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First time posting Need extreme help on vectors!

  1. Feb 12, 2009 #1
    I want to first say hello to everybody and thank you for this site because it is great and I have only been looking at it for about 2 hours. I need big time help in physics, but I am very interested in it so I guarantee I will be back very often and I hope it is not a problem to post/answer questions very often :smile:

    1. The problem statement, all variables and given/known data

    A jogger travels a route that has two parts. The first is a displacement A of 2.50 km due south and the second involves displacement B that points due east. A) The resultant displacement A + B has a magnitude of 3.75 km. What is the magnitude of B and what is the direction of A + B relative to due south? B) Supposed A-B had a magnitude of 3.75km. What then would be the magnitude of B and what is the direction of A-B?

    2. Relevant equations

    I made a force triangle of a south arrow A and east arrow B the resultant was drawn from the tail of A to the head of B.
    A=2.50km S
    B=??? E
    Resultant = 3.75km

    3. The attempt at a solution

    I have found B which I got to be 2.80km/s E. using Pythagorean Theorem. A+B is in the direction of South East? This is where I get lost. I have no idea what subtracting vectors does to the direction or basically no idea on subtracting vectors at all. The magnitude of B would be the same though wouldn't it? So basically my question is am I on the right path and to help me find out what I am missing to this question like the direction of A-B. Thank you sooo much, plus any help on vectors would be awsome
  2. jcsd
  3. Feb 12, 2009 #2


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    Homework Helper

    Welcome to PF.

    First of all you don't have force vectors here. You have position vectors.

    So that said you really have a position problem. You have a right triangle that you can see immediately.

    The runner went south for 2.5. And the hippopotamus is 3.75 from the origin. I reckon you can figure the distance required from Pythagoras right?

    And you know the angle to the SE the runner is at because you have the adjacent side and the hippopotamus.

    Part B) is just using Pythagoras only this time they give you the 2 sides and ask for the hippo.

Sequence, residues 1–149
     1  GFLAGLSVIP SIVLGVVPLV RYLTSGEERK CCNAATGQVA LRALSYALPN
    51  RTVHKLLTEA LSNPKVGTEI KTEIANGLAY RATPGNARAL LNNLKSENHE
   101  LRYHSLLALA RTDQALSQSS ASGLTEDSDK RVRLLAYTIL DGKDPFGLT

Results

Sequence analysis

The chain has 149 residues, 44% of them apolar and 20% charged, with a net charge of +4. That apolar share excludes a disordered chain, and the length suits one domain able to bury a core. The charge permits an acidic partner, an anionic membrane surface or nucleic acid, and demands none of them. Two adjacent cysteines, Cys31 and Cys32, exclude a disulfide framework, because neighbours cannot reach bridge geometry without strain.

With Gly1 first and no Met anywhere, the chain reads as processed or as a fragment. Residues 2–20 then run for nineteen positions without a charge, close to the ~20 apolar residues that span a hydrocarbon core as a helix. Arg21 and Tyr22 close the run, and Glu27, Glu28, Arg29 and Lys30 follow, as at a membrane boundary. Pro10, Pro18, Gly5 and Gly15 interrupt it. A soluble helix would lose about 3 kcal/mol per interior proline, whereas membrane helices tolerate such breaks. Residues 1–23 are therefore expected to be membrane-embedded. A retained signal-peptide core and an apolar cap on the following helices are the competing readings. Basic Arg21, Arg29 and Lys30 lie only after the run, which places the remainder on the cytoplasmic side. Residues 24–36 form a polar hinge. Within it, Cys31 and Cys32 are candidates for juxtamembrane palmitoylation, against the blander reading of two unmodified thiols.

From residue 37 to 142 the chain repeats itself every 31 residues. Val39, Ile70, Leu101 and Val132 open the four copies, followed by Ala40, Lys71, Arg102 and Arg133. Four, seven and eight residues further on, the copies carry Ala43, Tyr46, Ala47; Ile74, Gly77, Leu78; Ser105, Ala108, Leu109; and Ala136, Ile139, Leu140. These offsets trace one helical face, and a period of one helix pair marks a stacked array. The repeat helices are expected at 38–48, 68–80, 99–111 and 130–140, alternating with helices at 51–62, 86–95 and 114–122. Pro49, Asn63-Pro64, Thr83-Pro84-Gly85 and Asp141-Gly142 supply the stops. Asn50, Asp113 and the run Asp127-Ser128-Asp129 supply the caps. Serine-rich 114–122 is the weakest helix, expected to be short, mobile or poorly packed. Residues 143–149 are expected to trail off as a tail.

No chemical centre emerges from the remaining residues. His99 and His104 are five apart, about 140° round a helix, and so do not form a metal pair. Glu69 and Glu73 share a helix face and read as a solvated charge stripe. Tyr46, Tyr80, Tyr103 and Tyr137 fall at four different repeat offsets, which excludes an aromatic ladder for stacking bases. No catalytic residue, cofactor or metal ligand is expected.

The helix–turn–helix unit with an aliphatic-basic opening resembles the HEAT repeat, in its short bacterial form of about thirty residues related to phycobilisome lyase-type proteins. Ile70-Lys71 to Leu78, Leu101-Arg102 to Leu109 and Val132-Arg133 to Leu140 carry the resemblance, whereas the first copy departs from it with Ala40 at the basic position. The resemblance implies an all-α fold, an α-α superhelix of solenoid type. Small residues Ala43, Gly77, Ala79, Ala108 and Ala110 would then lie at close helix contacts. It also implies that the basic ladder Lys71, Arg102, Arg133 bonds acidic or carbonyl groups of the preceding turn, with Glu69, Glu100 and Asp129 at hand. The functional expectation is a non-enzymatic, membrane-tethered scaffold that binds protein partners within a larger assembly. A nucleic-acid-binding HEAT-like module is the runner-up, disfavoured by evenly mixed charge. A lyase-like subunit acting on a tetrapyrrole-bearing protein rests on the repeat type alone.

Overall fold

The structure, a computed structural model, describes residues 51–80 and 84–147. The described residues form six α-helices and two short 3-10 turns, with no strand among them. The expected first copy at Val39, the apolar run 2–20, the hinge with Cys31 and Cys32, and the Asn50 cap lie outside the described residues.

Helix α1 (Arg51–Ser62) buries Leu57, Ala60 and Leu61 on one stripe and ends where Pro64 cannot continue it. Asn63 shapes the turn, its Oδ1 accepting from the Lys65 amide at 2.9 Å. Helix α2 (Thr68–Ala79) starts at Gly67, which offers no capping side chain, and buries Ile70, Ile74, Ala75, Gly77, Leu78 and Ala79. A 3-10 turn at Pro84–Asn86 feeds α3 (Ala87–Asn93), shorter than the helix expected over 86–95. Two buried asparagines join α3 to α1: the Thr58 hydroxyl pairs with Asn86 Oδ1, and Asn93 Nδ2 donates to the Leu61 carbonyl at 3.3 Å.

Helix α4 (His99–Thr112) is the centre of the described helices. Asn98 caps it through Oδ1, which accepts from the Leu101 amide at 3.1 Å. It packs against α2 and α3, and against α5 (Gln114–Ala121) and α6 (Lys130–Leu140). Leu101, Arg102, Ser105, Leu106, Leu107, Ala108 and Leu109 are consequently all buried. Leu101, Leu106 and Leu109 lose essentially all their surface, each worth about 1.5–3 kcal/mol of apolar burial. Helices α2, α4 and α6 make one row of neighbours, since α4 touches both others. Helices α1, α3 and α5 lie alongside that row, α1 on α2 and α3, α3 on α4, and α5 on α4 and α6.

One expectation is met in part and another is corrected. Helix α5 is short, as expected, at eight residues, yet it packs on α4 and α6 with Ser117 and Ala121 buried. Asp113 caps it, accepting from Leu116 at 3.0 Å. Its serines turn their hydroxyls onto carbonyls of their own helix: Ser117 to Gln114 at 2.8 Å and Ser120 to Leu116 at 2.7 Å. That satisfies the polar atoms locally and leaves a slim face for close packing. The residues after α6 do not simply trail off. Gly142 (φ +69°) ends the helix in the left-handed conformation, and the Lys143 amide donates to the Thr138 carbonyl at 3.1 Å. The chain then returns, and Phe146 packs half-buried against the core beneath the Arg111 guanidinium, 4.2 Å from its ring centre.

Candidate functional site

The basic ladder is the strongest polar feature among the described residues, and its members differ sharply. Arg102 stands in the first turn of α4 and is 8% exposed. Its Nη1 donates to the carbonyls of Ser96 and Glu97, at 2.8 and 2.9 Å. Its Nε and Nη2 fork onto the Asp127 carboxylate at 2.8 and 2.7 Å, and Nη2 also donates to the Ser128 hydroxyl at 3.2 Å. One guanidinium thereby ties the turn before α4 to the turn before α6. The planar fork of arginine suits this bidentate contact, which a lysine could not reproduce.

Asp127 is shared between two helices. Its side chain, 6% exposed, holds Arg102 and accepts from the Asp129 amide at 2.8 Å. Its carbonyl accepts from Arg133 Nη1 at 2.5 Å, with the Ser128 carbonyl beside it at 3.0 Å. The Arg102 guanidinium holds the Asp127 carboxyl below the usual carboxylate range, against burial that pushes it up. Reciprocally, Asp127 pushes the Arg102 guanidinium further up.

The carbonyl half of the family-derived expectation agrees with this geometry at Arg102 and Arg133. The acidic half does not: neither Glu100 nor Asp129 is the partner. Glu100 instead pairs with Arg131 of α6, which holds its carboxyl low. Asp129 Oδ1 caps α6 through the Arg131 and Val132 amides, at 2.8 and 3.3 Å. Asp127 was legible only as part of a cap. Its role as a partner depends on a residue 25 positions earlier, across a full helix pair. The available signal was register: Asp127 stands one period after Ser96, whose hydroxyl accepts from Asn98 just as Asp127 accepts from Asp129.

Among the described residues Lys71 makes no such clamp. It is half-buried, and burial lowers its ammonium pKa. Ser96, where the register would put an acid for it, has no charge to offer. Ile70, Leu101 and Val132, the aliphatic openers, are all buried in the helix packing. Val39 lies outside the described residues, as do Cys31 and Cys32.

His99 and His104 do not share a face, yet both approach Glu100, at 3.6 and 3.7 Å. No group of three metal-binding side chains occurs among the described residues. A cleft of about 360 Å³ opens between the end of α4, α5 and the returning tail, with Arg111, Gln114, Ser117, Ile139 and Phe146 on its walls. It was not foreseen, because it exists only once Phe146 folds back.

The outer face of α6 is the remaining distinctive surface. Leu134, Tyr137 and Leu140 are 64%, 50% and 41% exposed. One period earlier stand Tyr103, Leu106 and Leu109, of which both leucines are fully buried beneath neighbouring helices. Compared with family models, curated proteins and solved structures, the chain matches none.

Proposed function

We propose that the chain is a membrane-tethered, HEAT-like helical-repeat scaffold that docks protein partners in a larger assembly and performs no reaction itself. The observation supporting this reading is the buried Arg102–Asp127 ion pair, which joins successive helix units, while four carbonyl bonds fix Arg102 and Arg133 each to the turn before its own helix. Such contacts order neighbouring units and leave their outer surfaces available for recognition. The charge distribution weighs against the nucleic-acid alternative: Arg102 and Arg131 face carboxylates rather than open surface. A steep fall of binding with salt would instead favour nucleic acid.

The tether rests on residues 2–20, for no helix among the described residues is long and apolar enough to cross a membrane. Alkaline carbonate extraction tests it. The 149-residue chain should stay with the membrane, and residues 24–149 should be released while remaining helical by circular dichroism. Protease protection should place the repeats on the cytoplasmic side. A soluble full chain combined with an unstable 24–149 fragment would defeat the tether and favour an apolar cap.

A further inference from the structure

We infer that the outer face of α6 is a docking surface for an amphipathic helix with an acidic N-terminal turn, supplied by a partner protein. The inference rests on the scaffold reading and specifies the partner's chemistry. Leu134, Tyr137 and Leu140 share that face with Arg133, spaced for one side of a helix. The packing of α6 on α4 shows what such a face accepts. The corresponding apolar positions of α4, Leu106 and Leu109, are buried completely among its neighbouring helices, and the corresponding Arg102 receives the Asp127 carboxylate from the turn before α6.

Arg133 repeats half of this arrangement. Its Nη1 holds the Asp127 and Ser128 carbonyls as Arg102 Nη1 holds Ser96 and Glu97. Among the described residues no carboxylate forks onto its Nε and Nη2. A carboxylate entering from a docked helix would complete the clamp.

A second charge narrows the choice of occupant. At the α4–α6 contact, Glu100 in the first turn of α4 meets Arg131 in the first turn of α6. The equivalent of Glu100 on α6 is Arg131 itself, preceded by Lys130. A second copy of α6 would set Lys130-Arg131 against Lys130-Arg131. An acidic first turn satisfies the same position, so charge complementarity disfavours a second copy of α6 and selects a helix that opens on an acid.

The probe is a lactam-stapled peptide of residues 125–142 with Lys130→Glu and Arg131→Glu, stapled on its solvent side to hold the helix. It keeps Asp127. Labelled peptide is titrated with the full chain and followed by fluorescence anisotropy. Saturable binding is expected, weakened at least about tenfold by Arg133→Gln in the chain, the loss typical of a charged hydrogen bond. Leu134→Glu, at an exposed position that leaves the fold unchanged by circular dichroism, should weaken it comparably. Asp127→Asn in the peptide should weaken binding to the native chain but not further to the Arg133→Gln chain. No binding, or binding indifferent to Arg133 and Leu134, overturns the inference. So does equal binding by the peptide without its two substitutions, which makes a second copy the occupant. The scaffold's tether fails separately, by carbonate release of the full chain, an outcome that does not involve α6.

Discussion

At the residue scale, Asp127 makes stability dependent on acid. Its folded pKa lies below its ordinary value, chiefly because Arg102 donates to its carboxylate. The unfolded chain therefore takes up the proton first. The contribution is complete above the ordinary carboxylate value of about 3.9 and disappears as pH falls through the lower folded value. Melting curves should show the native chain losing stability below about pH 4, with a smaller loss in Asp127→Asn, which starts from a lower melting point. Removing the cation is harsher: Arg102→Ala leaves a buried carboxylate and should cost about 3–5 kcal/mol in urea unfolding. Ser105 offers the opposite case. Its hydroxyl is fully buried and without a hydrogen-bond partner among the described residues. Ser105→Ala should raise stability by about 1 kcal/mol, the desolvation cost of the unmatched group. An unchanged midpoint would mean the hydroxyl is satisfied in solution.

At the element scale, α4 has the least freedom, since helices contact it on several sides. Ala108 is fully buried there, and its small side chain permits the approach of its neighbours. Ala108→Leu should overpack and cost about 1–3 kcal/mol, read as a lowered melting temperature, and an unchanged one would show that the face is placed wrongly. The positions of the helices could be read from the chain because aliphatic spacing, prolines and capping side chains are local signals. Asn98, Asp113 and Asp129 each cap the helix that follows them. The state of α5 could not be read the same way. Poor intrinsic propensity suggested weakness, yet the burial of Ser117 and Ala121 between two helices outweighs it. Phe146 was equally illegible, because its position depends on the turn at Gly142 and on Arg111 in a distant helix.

4. Feb 13, 2009 #3
    Your answer to the magnitude (In this case distance) for 'B' is correct, but to state that the direction of A+B is south-east is not accurate, though you are close. To accurately state the direction of A+B you need to know the angle between the vector A and the resultant A+B. As A is the adjacent side to the angle between A and A+B you need to use cosine. Ie: The cosine of angle A A+B = Adjacent(A)/Hypotenuse(A+B). Find the angle by using the inverse cos of A/A+B on your scientific calculator. This angle would need to be 45 for your assumption of south east direction to be correct. You should state the direction as South,X degrees East ( X is your angle that the resultant is away from south, in an easterly direction). Only state South east or north west etc. if the direction is exactly 45 degrees.
    As for vector subtraction, you simply add the negative of the vector you are trying to subtract. Eg: Vector A - Vector B is the same as Vector A + (-Vector B). If Vector B was 5km east, then the negative of this vector is 5km West. Simple! I hope this helps you understand vectors a little better.
  5. Feb 13, 2009 #4


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    Homework Helper

    Welcome to PF.

    It was not my suggestion that the direction was SE, merely that the angle to that direction, as in general direction, could be easily found through the use of a trig function.

    If that was confusing to you, then thanks for clarifying.
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